Editor's note: An earlier version of this story overstated the number of full-electric cars for which VW has booked production. The figure is 15 million by 2025.
HERNDON, Virginia — Herbert Diess has been CEO of Volkswagen Group only since April, yet the 60-year-old former BMW executive now heading one of the world's largest automakers has a clear vision of where he wants to lead his company.
This month, Diess installed longtime Audi of America President Scott Keogh as the first American to lead VW in North America in 25 years.
On Oct. 31, Diess sat down at Volkswagen's North American headquarters here for an hourlong exclusive interview with Group Publisher KC Crain, Publisher Jason Stein and Staff Reporter Larry P. Vellequette to discuss his company's operations globally and in North America.
Q: Why was Scott Keogh named to lead VW in North America, and why now?
A: What we always said and what we foresee for the Volkswagen brand is a story very much like the Audi story. We aren't coming from nowhere; we have a base, and everyone knows us. But there's a long way to go to really make Volkswagen a volume player here in the United States, and I think Scott has shown that it can be done. From a low-profile position, he led Audi to a top-four premium brand — well received, continuous growth, profitable. I think there is still potential, and I asked him to do the same for Volkswagen.
Where is VW's greatest opportunity for success in the U.S.?
I think Volkswagen has big potential here in the United States. Everyone knows Volkswagen. Most people think positively about the brand because they have their history with Volkswagen. We have been talking about your family, and so many families, that owned a Beetle, or they had a bus. Volkswagen is still present. I think we come now with quite suitable products for the United States. The Atlas was very emotional, and did a lot of positive motivation for the brand, for the dealers, for the customers. I think it's really a car for the American market. The Atlas shows that we can succeed in America. Also, the new Tiguan is selling nicely.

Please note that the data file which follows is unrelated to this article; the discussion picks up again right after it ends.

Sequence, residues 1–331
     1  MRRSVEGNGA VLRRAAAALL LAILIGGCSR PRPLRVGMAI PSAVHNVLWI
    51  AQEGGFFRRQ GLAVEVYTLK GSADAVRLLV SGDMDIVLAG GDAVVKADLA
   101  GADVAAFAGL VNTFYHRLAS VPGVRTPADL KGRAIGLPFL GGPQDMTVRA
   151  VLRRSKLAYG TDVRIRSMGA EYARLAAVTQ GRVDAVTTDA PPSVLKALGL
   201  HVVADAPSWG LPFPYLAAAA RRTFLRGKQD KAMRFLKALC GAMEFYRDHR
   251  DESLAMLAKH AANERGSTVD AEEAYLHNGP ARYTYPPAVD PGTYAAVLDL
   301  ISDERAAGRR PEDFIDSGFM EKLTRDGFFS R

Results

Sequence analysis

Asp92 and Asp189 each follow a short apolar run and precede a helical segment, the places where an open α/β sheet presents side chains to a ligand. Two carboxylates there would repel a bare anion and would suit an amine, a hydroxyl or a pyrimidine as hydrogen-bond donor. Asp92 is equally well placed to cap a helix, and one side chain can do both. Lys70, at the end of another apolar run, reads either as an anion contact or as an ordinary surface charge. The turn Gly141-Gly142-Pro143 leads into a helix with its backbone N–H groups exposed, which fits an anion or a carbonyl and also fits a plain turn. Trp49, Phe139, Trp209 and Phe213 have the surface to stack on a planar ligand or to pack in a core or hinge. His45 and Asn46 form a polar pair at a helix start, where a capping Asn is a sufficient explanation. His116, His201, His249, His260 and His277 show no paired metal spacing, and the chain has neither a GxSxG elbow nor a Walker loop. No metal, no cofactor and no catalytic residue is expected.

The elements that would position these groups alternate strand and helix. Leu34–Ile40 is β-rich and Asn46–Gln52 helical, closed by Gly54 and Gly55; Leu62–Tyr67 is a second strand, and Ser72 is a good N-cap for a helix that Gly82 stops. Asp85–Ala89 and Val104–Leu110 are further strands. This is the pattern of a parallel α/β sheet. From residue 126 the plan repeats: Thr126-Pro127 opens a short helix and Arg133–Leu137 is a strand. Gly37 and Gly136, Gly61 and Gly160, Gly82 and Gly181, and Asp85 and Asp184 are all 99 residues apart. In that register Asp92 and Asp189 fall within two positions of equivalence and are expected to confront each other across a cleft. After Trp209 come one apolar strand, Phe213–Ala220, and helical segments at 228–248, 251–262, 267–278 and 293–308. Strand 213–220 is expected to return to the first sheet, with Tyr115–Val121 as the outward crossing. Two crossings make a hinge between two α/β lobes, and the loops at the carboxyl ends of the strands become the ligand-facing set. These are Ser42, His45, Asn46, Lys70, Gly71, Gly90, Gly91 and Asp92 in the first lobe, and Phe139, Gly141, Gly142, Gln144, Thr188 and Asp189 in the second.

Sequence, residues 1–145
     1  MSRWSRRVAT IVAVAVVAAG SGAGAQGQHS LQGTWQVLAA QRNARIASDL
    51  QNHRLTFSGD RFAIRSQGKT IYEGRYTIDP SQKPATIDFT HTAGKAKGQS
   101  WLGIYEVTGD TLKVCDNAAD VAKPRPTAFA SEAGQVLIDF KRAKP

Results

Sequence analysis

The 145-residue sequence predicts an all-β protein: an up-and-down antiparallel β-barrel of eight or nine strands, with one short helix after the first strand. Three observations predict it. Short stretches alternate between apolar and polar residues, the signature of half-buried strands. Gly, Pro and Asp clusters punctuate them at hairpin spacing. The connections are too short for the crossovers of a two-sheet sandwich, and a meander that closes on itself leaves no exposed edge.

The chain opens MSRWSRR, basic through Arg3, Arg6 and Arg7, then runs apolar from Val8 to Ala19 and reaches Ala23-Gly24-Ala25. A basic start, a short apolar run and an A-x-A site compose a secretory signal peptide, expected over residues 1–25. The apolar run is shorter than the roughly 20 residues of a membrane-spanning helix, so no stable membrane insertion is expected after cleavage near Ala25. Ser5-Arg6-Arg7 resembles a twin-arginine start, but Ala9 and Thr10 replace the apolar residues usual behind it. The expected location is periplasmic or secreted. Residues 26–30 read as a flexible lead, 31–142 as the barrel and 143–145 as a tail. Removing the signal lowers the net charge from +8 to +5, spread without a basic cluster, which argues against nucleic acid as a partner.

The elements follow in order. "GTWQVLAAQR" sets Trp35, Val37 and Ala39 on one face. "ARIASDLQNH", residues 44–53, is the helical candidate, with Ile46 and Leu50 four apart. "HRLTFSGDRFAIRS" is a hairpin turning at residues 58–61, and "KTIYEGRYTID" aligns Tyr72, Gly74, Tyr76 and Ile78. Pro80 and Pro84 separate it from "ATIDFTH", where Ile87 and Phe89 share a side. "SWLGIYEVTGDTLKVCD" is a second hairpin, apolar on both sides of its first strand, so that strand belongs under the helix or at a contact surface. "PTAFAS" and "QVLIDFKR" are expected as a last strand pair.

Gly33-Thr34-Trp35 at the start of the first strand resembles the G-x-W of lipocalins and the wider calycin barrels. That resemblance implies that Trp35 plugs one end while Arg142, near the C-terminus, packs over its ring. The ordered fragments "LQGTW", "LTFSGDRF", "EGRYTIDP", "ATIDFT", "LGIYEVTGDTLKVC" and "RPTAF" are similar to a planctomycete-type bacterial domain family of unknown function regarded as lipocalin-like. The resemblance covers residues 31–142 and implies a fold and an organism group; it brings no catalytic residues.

VW dealers have among the lowest profit margins of any U.S. dealer network. How will VW fix that?
We've spent quite some time with the dealers because we've really been coming out of a desperate situation when the diesel thing happened to us. We were really stuck, and we had very intense meetings — one-on-ones with the dealer council and the bodies and with each and every dealer.
What I'm very happy about is that they stuck with the brand. They supported us a lot over the last three years because they believe in Volkswagen. We showed them all the products to come, and I think they still believe in us because if not, they would have had enough possibilities already to quit. And I know many of them personally, and, I have to say, I'm also sorry about, let's say, the operational defects we had. We had to postpone a few deliveries. We had a few quality hiccups, which I'm really sorry about, and which we have to improve. What we discussed this morning, we will improve the team in all areas. We will upgrade our operations. We can do better.
Has VW largely moved beyond the diesel emissions scandal?